Opening up our top 10 is a man who has had quite the past three months–hitting under .100 over his first Major League stint of 2015, being designated for assignment before being traded to the Angels for, as Randy Moss might say, straight cash, homie. Then, after only 10 games with Los Angeles, he is released and, to the dismay of many New York fans (myself included), is picked up by the Mets and sent directly to AAA. A hot streak in Las Vegas (2-22) leads to his promotion and a big game in San Francisco, and an even bigger game–a historical one too–against Arizona in the Mets’ final pre-All Star break contest. Congratulations, Kirk Nieuwenhuis. You are the only player on the team who may have had a weirder first three months of the season than the team itself. While the chances are that he will return to his .100 self post-break, at the very least his three homers and curtain call on Sunday gave Captain Kirk some momentary validation for his spot on the roster.

Number 9

Noah Syndergaard’s Home Run (May 27)

If only the Mets could play the Phillies 162 times this year… Just as Steven Matz did in his MLB debut (we’ll get to that in a bit), Syndergaard overshadowed a great pitching performance with his bat on this day late in May. I think Yeah Yeah from The Sandlot would be the best candidate to describe most people’s opinion of Noah’s stat line of 7.1 IP, 6 H, 0 BB, 6 K that day. Because with one out and the bases empty in the 4th inning, Thor swung his hammer and hit a pitch (one that was low and away, mind you) an estimated 430 feet, further than the average in-game home run distance of seven of the eight 2015 Derby participants. His 7+ scoreless innings on the mound were great, but what Met fan will forget Thor’s bomb to center that day?

Number 8

Noah Syndergaard’s 13 Strikeouts (July 10)

I promise, this entire piece is not an ode to Noah Syndergaard. But what the rookie did to the D-Backs about a week ago needs to be recognized. Easily the best start of his Major League career, he pitched 8 incredible innings, giving up only 4 hits, 2 walks, and a single 1st inning run over 116 pitches (74 strikes), a team-high for 2015. Oh, and he also struck out 13 batters, two more than any other Mets pitcher has up to this point in the season. I’m pretty sure I’m not the only one who can physically feel Ron Darling’s drool over Syndergaard coming through the TV each time he pitches. Thor’s start against Arizona gave us a glimpse at why 2016 should be the beginning of many years of 200+ strikeouts for him, as it looked like he was toying with hitters at times, choosing to finish off a batter with a curve instead of a fastball just because he felt like it.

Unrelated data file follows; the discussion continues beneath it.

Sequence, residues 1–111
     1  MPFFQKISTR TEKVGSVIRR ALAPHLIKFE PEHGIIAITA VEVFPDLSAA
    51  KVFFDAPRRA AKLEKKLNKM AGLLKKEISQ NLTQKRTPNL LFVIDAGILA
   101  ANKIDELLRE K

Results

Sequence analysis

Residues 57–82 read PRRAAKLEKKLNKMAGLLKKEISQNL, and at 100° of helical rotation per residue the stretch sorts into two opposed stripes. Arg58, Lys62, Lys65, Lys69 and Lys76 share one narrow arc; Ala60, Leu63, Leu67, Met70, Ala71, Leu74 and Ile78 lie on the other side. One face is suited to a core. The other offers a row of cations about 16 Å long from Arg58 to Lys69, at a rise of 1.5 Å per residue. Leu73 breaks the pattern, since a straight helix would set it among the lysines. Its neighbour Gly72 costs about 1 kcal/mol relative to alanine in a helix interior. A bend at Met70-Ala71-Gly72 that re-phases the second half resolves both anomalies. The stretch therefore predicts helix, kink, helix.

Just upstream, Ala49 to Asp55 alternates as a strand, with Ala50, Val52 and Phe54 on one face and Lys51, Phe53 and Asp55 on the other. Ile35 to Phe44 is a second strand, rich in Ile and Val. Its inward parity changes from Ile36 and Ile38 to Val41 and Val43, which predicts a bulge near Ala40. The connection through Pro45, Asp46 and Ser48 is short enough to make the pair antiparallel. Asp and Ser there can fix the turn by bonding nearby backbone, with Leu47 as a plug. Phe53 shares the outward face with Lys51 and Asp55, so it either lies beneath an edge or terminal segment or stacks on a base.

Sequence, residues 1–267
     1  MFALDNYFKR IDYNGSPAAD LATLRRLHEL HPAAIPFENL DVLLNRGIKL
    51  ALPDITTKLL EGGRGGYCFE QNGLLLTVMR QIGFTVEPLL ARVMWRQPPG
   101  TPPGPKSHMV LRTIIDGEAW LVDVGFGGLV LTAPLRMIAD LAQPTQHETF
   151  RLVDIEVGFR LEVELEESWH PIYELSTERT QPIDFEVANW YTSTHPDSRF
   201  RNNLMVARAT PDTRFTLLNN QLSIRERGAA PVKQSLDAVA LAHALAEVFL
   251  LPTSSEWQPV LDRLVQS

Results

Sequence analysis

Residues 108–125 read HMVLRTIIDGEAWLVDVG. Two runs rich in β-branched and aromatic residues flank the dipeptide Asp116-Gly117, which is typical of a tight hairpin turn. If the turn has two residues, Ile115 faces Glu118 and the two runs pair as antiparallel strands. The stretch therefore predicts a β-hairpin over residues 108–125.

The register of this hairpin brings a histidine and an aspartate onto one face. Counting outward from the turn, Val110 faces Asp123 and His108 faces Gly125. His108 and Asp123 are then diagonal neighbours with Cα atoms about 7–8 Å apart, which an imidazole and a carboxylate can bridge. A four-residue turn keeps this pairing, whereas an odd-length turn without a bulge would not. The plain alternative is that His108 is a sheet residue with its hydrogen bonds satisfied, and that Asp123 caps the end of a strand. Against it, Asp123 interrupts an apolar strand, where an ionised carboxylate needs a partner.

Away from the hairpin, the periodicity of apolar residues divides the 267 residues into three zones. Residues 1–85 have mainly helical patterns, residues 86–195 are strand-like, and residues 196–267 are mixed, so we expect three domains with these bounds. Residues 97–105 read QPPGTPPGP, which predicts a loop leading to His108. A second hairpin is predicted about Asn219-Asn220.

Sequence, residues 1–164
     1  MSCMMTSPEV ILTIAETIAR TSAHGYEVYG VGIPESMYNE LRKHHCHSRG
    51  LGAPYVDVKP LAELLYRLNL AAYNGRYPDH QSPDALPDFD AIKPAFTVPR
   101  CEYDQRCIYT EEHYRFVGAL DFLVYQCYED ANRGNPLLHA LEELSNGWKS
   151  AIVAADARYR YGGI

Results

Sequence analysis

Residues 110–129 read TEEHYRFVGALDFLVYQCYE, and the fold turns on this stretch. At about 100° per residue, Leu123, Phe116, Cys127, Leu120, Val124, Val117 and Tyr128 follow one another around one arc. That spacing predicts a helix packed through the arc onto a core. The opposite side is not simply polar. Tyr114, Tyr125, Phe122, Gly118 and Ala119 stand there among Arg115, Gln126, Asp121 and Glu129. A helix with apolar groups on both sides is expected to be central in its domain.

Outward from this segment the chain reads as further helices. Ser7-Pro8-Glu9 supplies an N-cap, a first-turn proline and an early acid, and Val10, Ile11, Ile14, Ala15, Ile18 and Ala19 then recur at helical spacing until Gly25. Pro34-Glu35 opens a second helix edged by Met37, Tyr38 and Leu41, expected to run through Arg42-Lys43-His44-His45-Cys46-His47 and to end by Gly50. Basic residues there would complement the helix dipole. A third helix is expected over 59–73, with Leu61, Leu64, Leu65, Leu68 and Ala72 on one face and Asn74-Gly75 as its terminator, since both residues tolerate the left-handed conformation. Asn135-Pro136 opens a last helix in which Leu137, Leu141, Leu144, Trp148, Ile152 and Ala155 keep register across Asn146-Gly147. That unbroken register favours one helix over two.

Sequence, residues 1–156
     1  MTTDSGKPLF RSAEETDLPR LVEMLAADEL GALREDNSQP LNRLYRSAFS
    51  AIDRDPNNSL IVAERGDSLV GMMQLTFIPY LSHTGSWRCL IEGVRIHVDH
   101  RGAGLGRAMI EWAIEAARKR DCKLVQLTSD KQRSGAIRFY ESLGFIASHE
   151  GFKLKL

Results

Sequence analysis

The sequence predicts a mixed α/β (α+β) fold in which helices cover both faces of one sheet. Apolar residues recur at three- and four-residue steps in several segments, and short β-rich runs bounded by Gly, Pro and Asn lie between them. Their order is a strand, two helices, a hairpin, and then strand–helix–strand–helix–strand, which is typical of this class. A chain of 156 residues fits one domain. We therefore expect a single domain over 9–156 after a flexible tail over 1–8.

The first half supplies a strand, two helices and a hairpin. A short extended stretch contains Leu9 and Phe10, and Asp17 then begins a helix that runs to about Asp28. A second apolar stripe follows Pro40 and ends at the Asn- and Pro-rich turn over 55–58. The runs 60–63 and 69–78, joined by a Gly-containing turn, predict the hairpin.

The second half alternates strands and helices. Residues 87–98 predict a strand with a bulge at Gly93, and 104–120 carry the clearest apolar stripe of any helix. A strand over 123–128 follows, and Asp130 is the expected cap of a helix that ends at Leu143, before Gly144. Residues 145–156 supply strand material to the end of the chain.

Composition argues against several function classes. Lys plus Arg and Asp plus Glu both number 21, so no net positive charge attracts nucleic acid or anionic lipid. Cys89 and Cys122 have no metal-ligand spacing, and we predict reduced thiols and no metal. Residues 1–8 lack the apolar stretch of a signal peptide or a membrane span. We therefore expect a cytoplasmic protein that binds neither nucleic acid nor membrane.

Number 7

Bartolo Colon Doing Everything

For the purposes of this post, all Bartolo-related moments will be included here. Let me first mention his pitching, which has gone slightly downhill since his 4-0 start, but is still well above average for a 42-year old, back of the rotation pitcher. And while the term “veteran presence” is trending in the “he’s just a winner” direction of overused sports terms, Colon really does fill that role for this young team, especially when only one other starting pitcher (Jon Niese) has ever pitched a full season in the MLB. Now to the fun stuff. Where do I begin?… There was his first hit of the season (come on, of course his helmet fell off), a broken bat bloop in Atlanta. There’s his 3-game hitting streak, which included the longest RBI double, time wise, in MLB history.* His one-man pick off of A.J. Pierzynski. His quote about a blister on his finger affecting his breaking pitches, but being OK because he doesn’t throw breaking pitches. His childhood donkey named Pancho. Thank you, Bartolo.

*Completely unofficial, but highly probable

matt harvey

Number 6

Matt Harvey’s 2015 Citi Field Debut (April 14)

This one is a little personal for me, since I made the 10-hour bus ride from Columbus, OH to New York to see it in person. While Harvey may not have lived up to the somewhat unreasonable expectations thrust upon him for this year, he is still a borderline elite pitcher, and that night in mid-April was still a special one. For the first time in 20 months, New Yorkers got to see their Dark Knight pitch in his home stadium. A near sellout crowd did its best to power Harvey through a relatively rough start, with lots of “Har-vey, Har-vey” chants throughout, and he and the team were able to pull out the victory. No, it wasn’t the complete game, 2-hitter performance most of us had wanted to see. But it did signal that the Mets had their guy back, and their fans got to witness it in-person.